Eco-Panels have no studs or splines to wick thermal energy through the wall. Unless the specific structure requires additional support columns embedded in the foam then you will have a 100% continuous envelope of foam wrapping around your house – including in our one piece molded (and patented) corners.

[+] Isn’t an open cell spray foam product much better at insulating than fiberglass bat insulation? Isn’t that just as good as your foam filled Eco-Panels?

No, and No. Popular spray foam products like Icynene or Insulstar are great products, make no mistake about it. But they have the same approximate R value per inch as fiberglass bat insulation (3.2-3.6). What these open cell petroleum based spray foams do very well is seal voids and cracks. While some people in the industry joke that spray foams simply cover up the contractor’s mistakes, they try to do a better job of SEALING gaps against air and moisture penetration (and they often fail at that - more on that later). But you still have a stud every 16 or 24 inches to “wick” thermal energy, and very often spray foams do not fill the cavity and therefore are not going to be as thick a “blanket” as fiberglass. Additionally if you have large enough air gaps in the stud cavity you can get internal stud wall convection currents established (also more on that later, but the studs on either side of this open cavity are still wicking thermal energy in from the outside of the house) that will start to throw entire R value discussions out the window. Further, insulating with an open celled foam is much like insulating with a sponge – it works great until its wet - it’s very important not to get moisture in the wall cavity, and you sure as heck don’t want it staying there (which can happen if there is no pressure differential inside and outside the home).

The foam inside of our panels is a closed cell foam – if you cut across it and pour water over it the water will literally bead off of the foam. It has a nominal R value of 7 per inch and because we do not have splines or other members cutting across the length of the panel (except for framing of windows and doors) there is no thermal wick to bring energy in from the outside. Because the panel is entirely filled with foam there is no opportunity for air penetration or circulation within the wall cavity – a VERY important concept, and our closed cell foam has significant structural strength – open celled foam products do not.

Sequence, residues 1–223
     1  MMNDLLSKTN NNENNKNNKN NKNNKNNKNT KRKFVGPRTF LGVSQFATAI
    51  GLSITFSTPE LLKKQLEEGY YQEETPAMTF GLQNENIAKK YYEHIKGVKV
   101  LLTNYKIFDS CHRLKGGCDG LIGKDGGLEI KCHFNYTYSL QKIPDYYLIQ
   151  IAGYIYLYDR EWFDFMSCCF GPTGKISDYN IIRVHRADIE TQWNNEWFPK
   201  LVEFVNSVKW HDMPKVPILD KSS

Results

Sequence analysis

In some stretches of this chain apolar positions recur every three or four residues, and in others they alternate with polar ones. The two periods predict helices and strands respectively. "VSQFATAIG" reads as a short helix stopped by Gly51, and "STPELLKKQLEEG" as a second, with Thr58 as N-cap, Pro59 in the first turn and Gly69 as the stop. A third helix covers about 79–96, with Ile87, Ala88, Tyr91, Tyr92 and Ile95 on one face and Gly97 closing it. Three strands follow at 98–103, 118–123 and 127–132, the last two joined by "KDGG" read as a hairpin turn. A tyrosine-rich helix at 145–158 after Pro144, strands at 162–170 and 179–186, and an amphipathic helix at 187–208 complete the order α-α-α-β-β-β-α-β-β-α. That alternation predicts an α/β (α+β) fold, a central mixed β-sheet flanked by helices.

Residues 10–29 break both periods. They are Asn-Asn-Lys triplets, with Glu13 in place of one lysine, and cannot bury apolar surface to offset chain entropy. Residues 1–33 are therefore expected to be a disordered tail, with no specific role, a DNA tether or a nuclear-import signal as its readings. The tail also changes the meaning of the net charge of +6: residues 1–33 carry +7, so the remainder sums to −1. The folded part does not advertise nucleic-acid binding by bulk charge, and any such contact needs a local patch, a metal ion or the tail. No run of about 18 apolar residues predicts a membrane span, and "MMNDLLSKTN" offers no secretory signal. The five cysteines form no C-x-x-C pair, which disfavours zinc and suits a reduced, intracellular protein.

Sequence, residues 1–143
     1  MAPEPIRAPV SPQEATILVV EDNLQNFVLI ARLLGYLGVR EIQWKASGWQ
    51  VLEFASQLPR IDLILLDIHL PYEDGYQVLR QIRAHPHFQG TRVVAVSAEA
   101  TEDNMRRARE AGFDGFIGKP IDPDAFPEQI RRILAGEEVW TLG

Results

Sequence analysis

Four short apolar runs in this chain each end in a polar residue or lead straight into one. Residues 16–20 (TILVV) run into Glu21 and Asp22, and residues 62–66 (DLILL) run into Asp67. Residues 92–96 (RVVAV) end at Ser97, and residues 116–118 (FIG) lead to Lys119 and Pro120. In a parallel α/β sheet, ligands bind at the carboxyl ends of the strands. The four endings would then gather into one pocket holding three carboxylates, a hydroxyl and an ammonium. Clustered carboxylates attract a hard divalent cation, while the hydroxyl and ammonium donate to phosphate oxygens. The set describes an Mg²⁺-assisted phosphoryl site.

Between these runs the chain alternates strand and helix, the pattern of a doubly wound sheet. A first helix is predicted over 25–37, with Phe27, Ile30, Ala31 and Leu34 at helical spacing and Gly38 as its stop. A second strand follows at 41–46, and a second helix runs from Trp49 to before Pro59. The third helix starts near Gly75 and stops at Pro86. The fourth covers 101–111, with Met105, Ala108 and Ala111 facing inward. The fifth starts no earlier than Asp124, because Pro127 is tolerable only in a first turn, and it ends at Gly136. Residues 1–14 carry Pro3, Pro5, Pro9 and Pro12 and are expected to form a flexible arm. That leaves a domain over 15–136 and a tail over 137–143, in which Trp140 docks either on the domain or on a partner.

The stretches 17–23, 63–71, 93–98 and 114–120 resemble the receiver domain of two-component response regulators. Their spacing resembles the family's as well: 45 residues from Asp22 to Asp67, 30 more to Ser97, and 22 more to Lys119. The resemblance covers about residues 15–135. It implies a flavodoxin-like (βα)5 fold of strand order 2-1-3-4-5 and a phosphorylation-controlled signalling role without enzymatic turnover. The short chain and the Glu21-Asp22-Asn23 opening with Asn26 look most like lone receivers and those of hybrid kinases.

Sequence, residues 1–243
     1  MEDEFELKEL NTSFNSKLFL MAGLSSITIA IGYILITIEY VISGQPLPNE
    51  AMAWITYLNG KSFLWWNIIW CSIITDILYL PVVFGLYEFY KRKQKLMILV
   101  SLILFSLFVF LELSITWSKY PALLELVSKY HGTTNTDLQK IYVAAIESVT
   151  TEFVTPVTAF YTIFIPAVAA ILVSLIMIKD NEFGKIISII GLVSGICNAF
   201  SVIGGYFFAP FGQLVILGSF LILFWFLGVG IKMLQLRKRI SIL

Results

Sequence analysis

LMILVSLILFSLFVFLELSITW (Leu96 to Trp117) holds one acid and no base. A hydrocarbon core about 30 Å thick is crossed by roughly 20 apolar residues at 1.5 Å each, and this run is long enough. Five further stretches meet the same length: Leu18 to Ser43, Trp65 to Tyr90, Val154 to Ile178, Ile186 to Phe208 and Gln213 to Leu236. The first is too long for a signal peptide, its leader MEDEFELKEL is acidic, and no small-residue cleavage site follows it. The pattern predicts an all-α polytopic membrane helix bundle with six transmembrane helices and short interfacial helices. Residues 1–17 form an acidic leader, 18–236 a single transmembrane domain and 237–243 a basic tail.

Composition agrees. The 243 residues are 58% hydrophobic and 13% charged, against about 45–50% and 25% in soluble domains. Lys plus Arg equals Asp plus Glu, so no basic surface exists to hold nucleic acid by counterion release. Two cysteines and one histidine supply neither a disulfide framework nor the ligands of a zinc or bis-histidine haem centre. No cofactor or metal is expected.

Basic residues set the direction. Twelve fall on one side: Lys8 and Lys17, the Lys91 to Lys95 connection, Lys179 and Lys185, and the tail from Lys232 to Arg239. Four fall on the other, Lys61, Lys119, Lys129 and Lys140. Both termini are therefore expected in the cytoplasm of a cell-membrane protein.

[+] Why does Eco-Panels use polyurethane rather than polystyrene (EPS)?

Eco-Panels chose to use closed cell polyurethane foam insulation instead of expanded polystyrene (EPS) for several reasons. First, polyurethane is a far better insulator than EPS. Eco-Panels polyurethane foam has a nominal R-value of R-7 per inch of thickness, versus ~R-3.7 for EPS. This means that you can achieve R-26 with 4.5-inch walls. EPS-insulated walls would have to be nearly twice as thick to achieve the same R-value. Second, when polyurethane foam is injected into panels, the panels are structurally stronger than EPS panels. While the EPS is simply glued onto the substrates (with either water, polyurethane or formaldehyde based glues), injected polyurethane foam adheres and bonds to every surface (substrates, top-plates, splines, cam-locks, electrical boxes, etc.), and then becomes rigid. Third, polyurethane has better fire, flame, and smoke characteristics. Much more on fire and safety issues later but suffice it to say that our foam is significantly safer in a fire situation (see SIP Burn Test on homepage link) and our polyurethane foam does not melt at any temperature. Fourth, polyurethane is strong enough that it allows the use of cam-locks embedded into the foam. This saves labor in the field and makes strong panel connections quickly and easily. Due to its weaker and often crumbly nature cam-locks can not be embedded into EPS so they are often forced to use a variety of inserted wooden splines which, depending upon the system design, may be a thermal wick. Simply put, polyurethane foam is a superior product for structural insulated panels.